Phan v. Jetblue Airways Corporation

Filing 60

ORDER signed by Magistrate Judge Deborah Barnes on 12/27/2017 GRANTING IN PART and DENYING IN PART 37 Motion to Compel. Defendant shall produce documents responses to plaintiff's RFP No. 1 on or before 12/29/2017. All other documents ordered produced by this order shall be produced on or before 1/12/2018. Discovery shall be completed by 4/30/2018. (York, M)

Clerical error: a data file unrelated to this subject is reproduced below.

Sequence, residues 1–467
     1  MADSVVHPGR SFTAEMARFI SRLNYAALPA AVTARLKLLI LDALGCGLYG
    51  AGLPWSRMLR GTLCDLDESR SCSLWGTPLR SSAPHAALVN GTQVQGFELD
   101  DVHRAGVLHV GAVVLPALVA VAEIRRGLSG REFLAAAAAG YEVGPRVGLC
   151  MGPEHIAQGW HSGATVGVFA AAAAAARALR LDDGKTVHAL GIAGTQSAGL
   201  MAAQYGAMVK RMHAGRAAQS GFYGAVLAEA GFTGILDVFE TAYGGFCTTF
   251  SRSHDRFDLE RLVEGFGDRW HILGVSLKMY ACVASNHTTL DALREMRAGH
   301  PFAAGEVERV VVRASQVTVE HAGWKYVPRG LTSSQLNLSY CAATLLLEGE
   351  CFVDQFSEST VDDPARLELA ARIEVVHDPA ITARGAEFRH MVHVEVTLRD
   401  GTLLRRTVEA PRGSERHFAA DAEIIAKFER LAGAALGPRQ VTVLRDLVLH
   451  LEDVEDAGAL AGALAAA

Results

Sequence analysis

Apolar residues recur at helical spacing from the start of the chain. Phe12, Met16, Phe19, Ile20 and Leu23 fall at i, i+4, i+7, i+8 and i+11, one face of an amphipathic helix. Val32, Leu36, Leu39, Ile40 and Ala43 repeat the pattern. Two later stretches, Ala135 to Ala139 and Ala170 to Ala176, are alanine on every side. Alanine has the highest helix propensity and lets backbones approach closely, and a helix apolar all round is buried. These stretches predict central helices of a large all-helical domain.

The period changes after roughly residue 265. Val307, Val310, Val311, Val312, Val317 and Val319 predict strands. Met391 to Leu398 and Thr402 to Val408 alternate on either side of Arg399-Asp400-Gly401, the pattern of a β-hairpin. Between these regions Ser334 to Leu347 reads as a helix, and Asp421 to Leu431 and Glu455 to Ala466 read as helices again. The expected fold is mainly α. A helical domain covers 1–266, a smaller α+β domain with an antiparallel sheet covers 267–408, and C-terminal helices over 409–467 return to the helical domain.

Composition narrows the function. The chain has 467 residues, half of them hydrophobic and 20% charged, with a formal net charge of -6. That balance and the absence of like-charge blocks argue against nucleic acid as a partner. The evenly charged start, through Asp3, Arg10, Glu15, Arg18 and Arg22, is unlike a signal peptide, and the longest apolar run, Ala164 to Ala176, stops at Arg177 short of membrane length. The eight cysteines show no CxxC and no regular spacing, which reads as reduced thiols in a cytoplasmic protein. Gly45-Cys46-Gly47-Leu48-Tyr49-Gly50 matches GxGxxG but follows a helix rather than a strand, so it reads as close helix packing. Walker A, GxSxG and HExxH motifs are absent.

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1 2 3 4 5 6 7 8 UNITED STATES DISTRICT COURT 9 FOR THE EASTERN DISTRICT OF CALIFORNIA 10 11 XUAN THI PHAN, 12 Plaintiff, 13 14 15 No. 2:16-cv-2328 WBS DB v. ORDER JETBLUE AIRWAYS CORPORATION, a Delaware Corporation, 16 Defendant. 17 18 This action came before the court on December 22, 2017, for hearing of plaintiff’s motion 19 to compel. (ECF No. 37.) Attorney Glenn Guenard appeared on behalf of the plaintiff. Attorney 20 Shelley Hurtwiz appeared on behalf of the defendant. Oral argument was heard and plaintiff’s 21 motion was taken under submission. ANALYSIS 22 This action concerns alleged injuries suffered during an August 11, 2016 flight operated 23 24 by the defendant. (ECF No. 20.) The parties’ joint statement and oral argument addressed the 25 following seven discovery disputes concerning plaintiff’s requests for production of documents 26 (“RFP”).1 27 28 1 Although there are seven discovery disputes, this order will address two of those disputes (RFP No. 2 and RFP No. 11) as one issue. 1 1 1. 2 In the parties’ joint statement, defendant asserted that it will be making a production in RFP No. 1—Internal Investigation Documents 3 response to this request. Defendant will, therefore, be ordered to complete this production, 4 including any privilege log, on or before December 29, 2017.2 Any remaining dispute over this 5 discovery request may be addressed in the parties’ joint statement to be filed on or before January 6 5, 2017. 7 2. 8 Manifest 9 RFP No. 2—Communication With Passengers and RFD No. 11—Passenger Plaintiff seeks all communications with passengers of the flight at issue, as well as the 10 complete passenger manifest. (ECF No. 58 at 10-11.) In addition to the argument found in the 11 parties’ joint statement, defendant asked during oral argument for a “protocol,” allowing any 12 passengers an opportunity to object to the production of their identities. Defendant cited in 13 support of this request 14 C.F.R. § 243.9(c), which provides that passenger “contact information . 14 . . shall be kept confidential” and may be released only to certain governmental agencies. 15 “Notwithstanding the federal regulations, courts have held that a passenger manifest may 16 be discoverable pursuant to a confidentiality agreement.” Nathaniel v. American Airlines, Civil 17 No. 2007/0033, 2008 WL 5046848, at *6 (D. Virgin Islands Nov. 20, 2008); see, e.g., Jakobot v. 18 American Airlines, Inc., Case No. 10-CV-61576, 2011 WL 13214326, at *2 (S.D. Fla. May 23, 19 2011) (granting motion to compel production of passenger manifest). In this regard, “[d]espite 20 the confidentiality provisions of the statute, there is adequate justification, within the rules of civil 21 procedure, for producing the list.” Wallman v. Tower Air, Inc., 189 F.R.D. 566, 568 (N.D. Cal. 22 1999). 23 Plaintiff, however, asserts that she seeks this discovery because “[e]ach passenger is a 24 witness and their statements, testimony, and communications” are relevant to the subject case. 25 (ECF No. 58 at 9.) The undersigned disagrees. Plaintiff’s amended complaint alleges that as 26 27 28 2 According to the parties’ oral argument, it appears defendant may have already complied with this order by recently producing to plaintiff over six hundred pages of documents, as well as a privilege log. 2 1 plaintiff “was moving toward the aisle,” the flight encountered turbulence that caused her to “fall 2 and hit her head and left shoulder,” and then “lifted her up and slammed her into the ceiling of the 3 cabin.” (Am. Compl. (ECF No. 20) at 5.) “As she was thrown downward, she again struck her 4 head and shoulder. A door of the overhead bin broke . . . and hit” plaintiff on the head. (Id.) 5 In this regard, while it is likely that a significant percentage of those passengers seated 6 beside or behind the plaintiff witnessed the events at issue, the same cannot be said for those 7 passengers seated in front of the plaintiff. See generally Raub v. US Airways, Inc., CIVIL 8 ACTION No. 16-1975, 2017 WL 2633430, at *2 (E.D. Pa. June 19, 2017). Accordingly, 9 defendant is ordered to provide plaintiff with the contact information for all passengers seated in 10 plaintiff’s row and continuing through the back of the plane. Defendant’s production shall be 11 made pursuant to the parties’ stipulated protective order. (ECF No. 55.) 12 3. RFP No. 15—Similar Incident Information 13 Plaintiff’s discovery request seeks “any other complaints JetBlue Airways Corporation 14 has received alleging injury resulting from a turbulence injury.” (ECF No. 58 at 15.) Defendant 15 notes that plaintiff’s request “has no temporal limitation and seeks unlimited information that has 16 no relevance to Plaintiff’s claim involving this specific JetBlue flight.” (Id. at 16.) 17 The undersigned agrees, will modify plaintiff’s request, and order defendant to produce 18 any other complaints JetBlue Airways Corporation has received within the last 2 years alleging 19 injury resulting from a turbulence injury suffered while the seatbelt sign was not illuminated. 20 4. RFP No. 18—Cockpit Voice Recordings 21 Plaintiff seeks production of the cockpit voice recordings (“CVR”). (ECF No. 58 at 17.) 22 Plaintiff’s request is denied as “[t]he NTSB took custody of the CVR immediately following the 23 subject flight pursuant to its authority under 49 C.F.R. Part 831.” (Id.) 24 5. RFP No. 19—Personnel Records 25 At oral argument, plaintiff confirmed that this request was now limited to requesting just 26 the personnel records for the flight crew. (ECF No. 58 at 19.) Defendant raises privacy concerns. 27 (Id. at 20.) 28 //// 3 1 Jurisdiction in this action is premised upon diversity. Accordingly, state law governs 2 defendant’s privacy claims. Fed. R. Evid. 501; Oakes v. Halvorsen Marine Ltd., 179 F.R.D. 281, 3 284 (C.D. Cal. 1998). 4 The party asserting a privacy right must establish a legally protected privacy interest, an objectively reasonable expectation of privacy in the given circumstances, and a threatened intrusion that is serious. The party seeking information may raise in response whatever legitimate and important countervailing interests disclosure serves, while the party seeking protection may identify feasible alternatives that serve the same interests or protective measures that would diminish the loss of privacy. A court must then balance these competing considerations. 5 6 7 8 9 Williams v. Superior Court, 3 Cal.5th 531, 552 (Cal. 2017); see also Grobee v. Corrections 10 Corporation of America, No. 13cv1060-GPC(DHB), 2014 WL 229266, at *2 (S.D. Cal. Jan. 17, 11 2014) (“When private information, such as personnel files, is shown to be relevant, the court must 12 then balance the need for the discovery against the fundamental right of privacy.”). 13 Here, the undersigned finds that the relevance of the flight crew’s personnel records, 14 plaintiff’s compelling need for those records, and inability to obtain those records through other 15 means, outweighs the defendant’s privacy concerns. Moreover, the undersigned will order that 16 defendant’s production be made pursuant to the parties’ stipulated protective order to further 17 ameliorate defendant’s privacy concerns. 18 6. 19 Plaintiff’s request for this discovery is denied because, “as was the case with the CVR, the 20 RFP No. 23, Set Two—Flight Data Recording DFDR was collected by the NTSB following the turbulence event.” (ECF No. 58 at 22.) 21 CONCLUSION 22 Accordingly, upon consideration of the arguments on file and those made at the hearing, 23 and for the reasons set forth on the record at that hearing and above, IT IS HEREBY ORDERED 24 that: 25 26 27 28 1. Plaintiff’s December 5, 2017 motion to compel (ECF No. 37) is granted in part and denied part; 2. Defendant shall produce documents responses to plaintiff’s RFP No. 1 on or before December 29, 2017. All other documents ordered produced by this order shall be produced on or 4 1 before January 12, 2018; 2 3 3. Defendant’s discovery production will be made pursuant to the parties’ stipulated protective order; and 4. Discovery in this action shall be completed by April 30, 2018.3 4 5 Dated: December 27, 2017 6 7 8 9 10 11 12 13 14 15 16 17 18 19 20 21 22 23 DLB:6 DB\orders\orders.civil\phan2328.oah.122217 24 25 26 27 28 3 “The word ‘completed’ means that all discovery shall have been conducted so that all depositions have been taken and any disputes relevant to discovery shall have been resolved by appropriate order if necessary and, where discovery has been ordered, the order has been obeyed.” (ECF No. 24 at 3.) 5